Keynote speakers

Pr. Jean-Michel Déprats – Université Paris Ouest Nanterre La Défense, France

Jean-Michel Déprats is a professor at the University Paris X Nanterre, France. Déprats also studied at Amherst College and Mount Holyoke College in the United States, and it is our honor to welcome him back to Western Massachusetts for this conference, before his retirement. As a translator, he specializes in William Shakespeare and has collaborated with Gisèle Venet to produce a French translation of all thirty-eight plays and publish them in a bilingual edition in the collection of the Bibliothèque de la Pléiade Gallimard in 2002. For the theater, he has translated many plays including Coriolanus, and Richard III. In 1981, he staged The Tempest. His film work includes the French dubbed translation for Kenneth Branagh’s Henry V.

Dr. Edwin Gentzler – UMass Amherst

Edwin Gentzler is a Professor of Comparative Literature and Director of the Translation Center at the University of Massachusetts Amherst. He is the author of Translation and Identity in the Americas (Routledge, 2008) and Contemporary Translation Theories(Multilingual Matters 2001), which has been translated into Italian, Portuguese, Bulgarian, Arabic, Persian, and Chinese. He is the co-editor (with Maria Tymoczko) of theTranslation and Power (University of Massachusetts Press, 2002). He serves on the executive board for the Nida School for Translation Studies. He was co-editor (with Susan Bassnett) of the Topics in Translation Series for Multilingual Matters in the United Kingdom, editing over twenty volumes, and was one of the co-founders of ATISA (American Translation and Interpreting Studies Association).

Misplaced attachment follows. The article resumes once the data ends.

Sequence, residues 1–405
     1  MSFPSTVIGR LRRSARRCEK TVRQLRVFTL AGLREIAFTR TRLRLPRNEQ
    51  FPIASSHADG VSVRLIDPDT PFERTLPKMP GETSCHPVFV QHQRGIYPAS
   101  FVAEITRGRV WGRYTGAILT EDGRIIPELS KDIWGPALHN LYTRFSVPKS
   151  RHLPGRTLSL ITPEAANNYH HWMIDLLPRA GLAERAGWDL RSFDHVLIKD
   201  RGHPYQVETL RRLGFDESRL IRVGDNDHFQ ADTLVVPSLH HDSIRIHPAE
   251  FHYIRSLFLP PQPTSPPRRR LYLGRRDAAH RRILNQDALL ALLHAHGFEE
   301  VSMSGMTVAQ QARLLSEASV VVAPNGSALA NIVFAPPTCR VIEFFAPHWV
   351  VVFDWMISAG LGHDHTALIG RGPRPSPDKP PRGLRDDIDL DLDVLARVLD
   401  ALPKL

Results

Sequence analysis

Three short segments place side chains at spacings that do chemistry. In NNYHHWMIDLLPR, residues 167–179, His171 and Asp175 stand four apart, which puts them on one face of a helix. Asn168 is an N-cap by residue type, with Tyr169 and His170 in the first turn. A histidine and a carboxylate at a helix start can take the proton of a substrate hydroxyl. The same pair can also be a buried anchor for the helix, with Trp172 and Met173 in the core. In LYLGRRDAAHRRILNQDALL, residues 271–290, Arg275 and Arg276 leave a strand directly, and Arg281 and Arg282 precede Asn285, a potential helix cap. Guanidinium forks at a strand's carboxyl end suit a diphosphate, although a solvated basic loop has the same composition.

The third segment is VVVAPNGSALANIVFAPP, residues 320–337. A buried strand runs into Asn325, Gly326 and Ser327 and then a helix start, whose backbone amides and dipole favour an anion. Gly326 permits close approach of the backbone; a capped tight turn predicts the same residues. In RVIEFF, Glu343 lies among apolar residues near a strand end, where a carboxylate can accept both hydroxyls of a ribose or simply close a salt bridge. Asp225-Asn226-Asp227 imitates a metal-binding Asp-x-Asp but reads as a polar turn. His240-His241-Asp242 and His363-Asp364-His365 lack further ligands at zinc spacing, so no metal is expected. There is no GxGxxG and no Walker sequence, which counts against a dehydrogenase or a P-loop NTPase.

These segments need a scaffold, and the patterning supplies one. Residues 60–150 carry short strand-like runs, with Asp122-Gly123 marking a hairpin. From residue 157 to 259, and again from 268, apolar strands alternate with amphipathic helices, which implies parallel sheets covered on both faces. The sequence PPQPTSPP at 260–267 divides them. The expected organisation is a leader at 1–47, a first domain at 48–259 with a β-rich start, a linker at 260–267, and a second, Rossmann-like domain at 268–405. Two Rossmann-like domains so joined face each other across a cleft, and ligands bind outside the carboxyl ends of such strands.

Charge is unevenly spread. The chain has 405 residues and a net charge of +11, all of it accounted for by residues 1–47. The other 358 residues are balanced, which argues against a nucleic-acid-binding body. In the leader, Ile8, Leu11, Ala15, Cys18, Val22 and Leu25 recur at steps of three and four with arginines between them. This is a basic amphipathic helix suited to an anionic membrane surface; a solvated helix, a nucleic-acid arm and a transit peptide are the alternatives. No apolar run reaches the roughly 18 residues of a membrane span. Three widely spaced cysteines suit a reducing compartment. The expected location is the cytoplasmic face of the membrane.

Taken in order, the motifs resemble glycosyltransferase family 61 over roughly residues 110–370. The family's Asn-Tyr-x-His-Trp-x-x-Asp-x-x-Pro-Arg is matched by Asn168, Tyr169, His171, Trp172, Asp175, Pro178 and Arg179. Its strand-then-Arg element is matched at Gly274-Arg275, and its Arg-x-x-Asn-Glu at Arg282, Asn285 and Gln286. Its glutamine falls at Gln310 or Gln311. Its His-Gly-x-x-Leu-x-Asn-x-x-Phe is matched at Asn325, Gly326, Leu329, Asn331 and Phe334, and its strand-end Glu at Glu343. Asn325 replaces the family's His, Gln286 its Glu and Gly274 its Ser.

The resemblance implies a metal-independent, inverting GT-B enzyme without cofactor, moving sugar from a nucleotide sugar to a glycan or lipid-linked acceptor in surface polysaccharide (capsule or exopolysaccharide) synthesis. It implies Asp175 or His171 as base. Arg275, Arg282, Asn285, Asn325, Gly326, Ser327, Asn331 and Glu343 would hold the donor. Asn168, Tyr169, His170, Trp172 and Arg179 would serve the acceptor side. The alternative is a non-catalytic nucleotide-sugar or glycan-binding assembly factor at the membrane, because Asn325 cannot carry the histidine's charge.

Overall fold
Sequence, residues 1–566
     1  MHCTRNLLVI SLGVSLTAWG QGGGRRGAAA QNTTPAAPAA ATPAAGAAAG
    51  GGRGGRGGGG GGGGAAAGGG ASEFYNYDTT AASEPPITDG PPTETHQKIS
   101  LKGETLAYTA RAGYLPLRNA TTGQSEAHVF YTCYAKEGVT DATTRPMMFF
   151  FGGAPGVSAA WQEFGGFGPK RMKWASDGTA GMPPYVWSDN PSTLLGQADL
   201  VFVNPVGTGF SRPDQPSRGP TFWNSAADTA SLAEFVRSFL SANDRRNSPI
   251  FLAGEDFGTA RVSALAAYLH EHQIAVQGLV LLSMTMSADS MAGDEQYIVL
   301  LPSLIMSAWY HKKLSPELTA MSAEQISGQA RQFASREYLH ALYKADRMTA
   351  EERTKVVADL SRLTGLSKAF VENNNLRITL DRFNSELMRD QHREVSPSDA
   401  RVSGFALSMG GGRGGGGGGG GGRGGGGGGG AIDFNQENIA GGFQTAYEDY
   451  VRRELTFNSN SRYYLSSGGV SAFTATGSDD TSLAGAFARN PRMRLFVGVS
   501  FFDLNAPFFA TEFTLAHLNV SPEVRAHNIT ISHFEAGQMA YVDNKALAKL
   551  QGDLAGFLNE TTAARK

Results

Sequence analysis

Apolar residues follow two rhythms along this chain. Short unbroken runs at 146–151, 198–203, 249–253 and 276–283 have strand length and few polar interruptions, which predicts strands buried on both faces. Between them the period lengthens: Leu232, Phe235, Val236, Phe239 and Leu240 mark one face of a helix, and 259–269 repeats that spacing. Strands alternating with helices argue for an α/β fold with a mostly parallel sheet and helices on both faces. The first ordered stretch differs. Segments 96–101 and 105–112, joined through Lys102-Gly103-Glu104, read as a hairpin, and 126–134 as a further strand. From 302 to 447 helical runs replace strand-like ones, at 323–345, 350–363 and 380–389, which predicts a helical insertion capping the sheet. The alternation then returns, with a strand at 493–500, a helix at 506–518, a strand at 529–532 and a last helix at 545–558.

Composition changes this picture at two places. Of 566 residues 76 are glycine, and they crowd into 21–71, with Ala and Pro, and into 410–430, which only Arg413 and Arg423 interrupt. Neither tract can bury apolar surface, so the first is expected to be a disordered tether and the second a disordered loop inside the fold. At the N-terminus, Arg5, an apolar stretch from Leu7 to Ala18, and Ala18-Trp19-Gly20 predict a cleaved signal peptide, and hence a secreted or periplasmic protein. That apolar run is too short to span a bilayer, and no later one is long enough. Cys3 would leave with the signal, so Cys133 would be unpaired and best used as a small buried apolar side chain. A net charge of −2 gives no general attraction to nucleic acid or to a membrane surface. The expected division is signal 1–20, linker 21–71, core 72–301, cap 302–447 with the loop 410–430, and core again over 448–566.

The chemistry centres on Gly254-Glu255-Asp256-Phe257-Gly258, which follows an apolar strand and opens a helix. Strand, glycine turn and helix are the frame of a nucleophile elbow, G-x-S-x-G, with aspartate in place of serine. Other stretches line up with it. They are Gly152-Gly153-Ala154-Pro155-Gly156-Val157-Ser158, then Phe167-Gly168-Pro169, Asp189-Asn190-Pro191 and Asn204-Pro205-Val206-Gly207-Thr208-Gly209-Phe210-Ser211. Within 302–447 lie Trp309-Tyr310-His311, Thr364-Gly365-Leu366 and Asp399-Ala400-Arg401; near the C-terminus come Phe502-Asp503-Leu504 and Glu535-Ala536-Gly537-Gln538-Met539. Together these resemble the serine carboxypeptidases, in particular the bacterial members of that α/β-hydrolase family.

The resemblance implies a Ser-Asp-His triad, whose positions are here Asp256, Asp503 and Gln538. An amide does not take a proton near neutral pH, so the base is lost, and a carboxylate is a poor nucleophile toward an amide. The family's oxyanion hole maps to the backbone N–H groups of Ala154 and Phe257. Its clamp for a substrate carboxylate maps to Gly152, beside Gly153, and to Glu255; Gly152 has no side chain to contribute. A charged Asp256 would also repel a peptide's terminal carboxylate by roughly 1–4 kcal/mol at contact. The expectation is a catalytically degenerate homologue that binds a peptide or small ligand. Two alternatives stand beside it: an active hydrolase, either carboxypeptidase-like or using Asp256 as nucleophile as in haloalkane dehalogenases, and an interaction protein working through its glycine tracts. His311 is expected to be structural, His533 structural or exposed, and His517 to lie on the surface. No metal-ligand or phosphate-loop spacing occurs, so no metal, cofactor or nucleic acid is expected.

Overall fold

Dr. Anston Bosman – Amherst College

Anston Bosman is Associate Professor and Director of Studies in the English Department at Amherst College.  Recent publications related to the conference theme include the chapter on “Shakespeare and Globalization” in The New Cambridge Companion to Shakespeare (2010) and an essay on Renaissance transformations of Terence, “‘Best Play with Mardian’: Eunuch and Blackamoor as Imperial Culturegram,” in Shakespeare Studies 34 (2006).   He is completing a book on transnational theater in the early modern Germanic world and a collaborative project on “Intertheatricality” with Gina Bloom (UC Davis) and Will West (Northwestern).

Dr. Peter S. Donaldson – Massachusetts Institute of Technology

Peter S. Donaldson, Ford Foundation Professor of the Humanities and Director of the Global Shakespeares Digital Archive at MIT, is the author of Shakespearean Film/Shakespearean Directors (1990) and focuses his research on two areas: Shakespeare on Film and electronic projects involving Shakespeare, including the Shakespeare Electronic Archive (http://shea.mit.edu), Hamlet on the Ramparts (http://shea.mit.edu/ramparts), and XMAS: Cross-Media Annotation System. He has been a pioneer in the use of media presentations for scholarly use, including “Ghostly Texts and Virtual Performances: Old Hamlet in New Media” (SAA Plenary, 1993) and “Digital Archives and Sibylline Fragments” Postmodern Culture 8.2 [1998] on Prospero’s Books.

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